Sexual assault is not something that you can just “get over”. It is not only physically oppressive but also mentally, emotionally, and cognitively damaging.
Whenever a person chooses to rape or sexually assault another individual, they are not only affecting the victim’s life in a drastic way, but also their parents, friends, and loved ones. The months and years after a sexual assault can be filled with fear, isolation, confusion, and hatred toward oneself and their attacker. It is important that the survivor has a supportive network of loved ones to help guide them through their healing.
Of course, this is not an easy process. It is painful for the victim to open up about their experience and it is also difficult to know what to say when someone you love tells you that they have been raped.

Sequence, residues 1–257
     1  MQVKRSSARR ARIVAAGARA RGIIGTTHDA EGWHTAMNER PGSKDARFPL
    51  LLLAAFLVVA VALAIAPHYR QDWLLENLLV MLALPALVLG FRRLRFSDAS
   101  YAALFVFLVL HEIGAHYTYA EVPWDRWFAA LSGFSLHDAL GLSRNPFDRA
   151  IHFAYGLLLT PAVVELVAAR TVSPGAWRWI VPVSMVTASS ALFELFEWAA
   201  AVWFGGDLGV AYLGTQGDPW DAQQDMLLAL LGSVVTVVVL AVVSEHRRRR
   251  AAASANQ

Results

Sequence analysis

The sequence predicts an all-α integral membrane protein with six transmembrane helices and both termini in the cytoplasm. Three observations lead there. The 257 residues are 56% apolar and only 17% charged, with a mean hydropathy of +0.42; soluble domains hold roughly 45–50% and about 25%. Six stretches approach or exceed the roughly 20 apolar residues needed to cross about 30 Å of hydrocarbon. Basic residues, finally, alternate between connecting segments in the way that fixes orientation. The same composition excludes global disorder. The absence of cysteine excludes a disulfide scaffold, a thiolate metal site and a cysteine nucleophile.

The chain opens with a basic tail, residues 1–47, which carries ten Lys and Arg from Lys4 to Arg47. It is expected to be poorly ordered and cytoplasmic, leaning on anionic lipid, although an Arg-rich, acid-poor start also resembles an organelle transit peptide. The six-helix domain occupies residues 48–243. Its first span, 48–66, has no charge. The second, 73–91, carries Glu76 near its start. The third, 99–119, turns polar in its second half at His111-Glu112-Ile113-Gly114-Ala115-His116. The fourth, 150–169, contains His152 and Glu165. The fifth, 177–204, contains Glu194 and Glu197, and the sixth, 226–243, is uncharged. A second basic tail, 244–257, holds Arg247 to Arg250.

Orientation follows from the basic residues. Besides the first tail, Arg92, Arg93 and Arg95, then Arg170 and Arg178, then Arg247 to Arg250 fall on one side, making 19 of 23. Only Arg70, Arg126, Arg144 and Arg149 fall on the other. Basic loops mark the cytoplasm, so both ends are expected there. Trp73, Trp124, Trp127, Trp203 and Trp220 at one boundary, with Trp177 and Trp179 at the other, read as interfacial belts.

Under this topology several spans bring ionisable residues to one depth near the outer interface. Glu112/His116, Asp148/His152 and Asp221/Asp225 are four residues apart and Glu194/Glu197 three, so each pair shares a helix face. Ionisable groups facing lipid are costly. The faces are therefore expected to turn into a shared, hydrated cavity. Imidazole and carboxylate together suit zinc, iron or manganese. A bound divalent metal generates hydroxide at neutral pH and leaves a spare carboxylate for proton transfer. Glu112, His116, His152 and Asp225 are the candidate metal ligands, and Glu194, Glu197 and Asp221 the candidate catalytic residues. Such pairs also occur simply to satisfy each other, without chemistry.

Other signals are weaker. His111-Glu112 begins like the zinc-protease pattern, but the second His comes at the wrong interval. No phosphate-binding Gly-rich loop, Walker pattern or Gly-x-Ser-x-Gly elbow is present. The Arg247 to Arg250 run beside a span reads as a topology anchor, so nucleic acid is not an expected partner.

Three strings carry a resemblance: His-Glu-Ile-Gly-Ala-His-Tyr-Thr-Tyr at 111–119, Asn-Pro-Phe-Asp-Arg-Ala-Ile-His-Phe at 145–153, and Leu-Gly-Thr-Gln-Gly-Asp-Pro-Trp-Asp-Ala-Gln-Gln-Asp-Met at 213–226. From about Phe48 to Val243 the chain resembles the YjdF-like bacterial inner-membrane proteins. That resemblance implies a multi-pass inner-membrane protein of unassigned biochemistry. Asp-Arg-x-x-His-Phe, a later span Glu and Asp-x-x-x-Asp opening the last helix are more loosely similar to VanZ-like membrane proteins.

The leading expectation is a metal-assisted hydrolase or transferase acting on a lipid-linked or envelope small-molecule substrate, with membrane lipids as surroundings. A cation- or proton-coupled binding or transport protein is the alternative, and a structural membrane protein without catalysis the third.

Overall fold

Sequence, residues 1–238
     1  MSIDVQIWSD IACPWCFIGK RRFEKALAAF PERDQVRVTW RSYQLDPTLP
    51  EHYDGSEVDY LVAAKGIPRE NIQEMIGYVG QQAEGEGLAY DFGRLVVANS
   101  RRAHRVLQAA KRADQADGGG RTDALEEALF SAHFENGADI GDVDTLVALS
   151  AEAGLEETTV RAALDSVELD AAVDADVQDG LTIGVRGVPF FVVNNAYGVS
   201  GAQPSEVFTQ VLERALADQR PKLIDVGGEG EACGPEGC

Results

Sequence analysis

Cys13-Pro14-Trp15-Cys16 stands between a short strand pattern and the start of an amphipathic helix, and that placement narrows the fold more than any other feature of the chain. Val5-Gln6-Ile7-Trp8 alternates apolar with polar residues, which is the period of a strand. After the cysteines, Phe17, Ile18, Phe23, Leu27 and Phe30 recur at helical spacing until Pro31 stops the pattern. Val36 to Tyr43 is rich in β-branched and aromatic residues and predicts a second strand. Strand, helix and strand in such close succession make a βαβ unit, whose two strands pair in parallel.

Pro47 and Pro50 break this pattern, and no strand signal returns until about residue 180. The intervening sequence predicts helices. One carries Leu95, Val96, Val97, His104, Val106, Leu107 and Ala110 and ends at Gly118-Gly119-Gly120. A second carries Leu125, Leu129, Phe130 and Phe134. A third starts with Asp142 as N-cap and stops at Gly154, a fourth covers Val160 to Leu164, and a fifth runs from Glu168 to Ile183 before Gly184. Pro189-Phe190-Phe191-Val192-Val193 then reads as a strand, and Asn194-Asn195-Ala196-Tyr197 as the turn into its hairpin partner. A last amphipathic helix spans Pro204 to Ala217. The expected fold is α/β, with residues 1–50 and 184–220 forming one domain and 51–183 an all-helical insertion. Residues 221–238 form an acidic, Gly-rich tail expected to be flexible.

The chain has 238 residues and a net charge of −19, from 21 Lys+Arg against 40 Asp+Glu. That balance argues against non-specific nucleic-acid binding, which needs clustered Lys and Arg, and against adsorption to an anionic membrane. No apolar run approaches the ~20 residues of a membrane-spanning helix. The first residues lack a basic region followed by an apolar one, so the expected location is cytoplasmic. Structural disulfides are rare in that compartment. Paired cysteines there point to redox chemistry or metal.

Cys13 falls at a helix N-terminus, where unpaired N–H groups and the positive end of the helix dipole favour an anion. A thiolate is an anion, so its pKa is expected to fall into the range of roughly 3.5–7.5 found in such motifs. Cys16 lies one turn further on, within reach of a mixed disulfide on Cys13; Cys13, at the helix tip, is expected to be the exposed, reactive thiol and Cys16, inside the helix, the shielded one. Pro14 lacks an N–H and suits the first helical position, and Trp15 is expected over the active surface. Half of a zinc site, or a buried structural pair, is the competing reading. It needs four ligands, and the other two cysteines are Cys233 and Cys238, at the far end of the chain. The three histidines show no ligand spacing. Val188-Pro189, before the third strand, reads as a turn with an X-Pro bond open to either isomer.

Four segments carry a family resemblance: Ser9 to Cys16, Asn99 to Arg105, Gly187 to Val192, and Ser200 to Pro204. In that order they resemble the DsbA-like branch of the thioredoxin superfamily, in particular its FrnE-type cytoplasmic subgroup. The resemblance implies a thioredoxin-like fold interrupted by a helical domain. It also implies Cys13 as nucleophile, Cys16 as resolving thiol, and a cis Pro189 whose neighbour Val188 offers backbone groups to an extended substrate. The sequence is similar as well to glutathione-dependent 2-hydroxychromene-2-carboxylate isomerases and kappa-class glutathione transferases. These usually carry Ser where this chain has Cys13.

Here are some “guidelines” to speaking to someone about their sexual assault:
1. Don’t blame the victim
It took a lot of courage for this person to open up to you and tell you about their experience. The single worst thing you could do is tear them down even more by blaming them. Victim blaming can happen in a variety of ways. There is the obvious: saying they shouldn’t have been out that late, saying they should have not gone to that party, etc. Blame, however, can also come in the form of a question. These are just as hurtful and can make the victim feel as if you are belittling their feelings and their experience. A few common ways you can blame someone with a question includes: “Were you drinking?” “What were you wearing?” “Well, did you fight back?”. All of these questions take the blame off of the rapist and on to the victim.
2. Don’t tell the victim they have to report the attack (if they chose not to)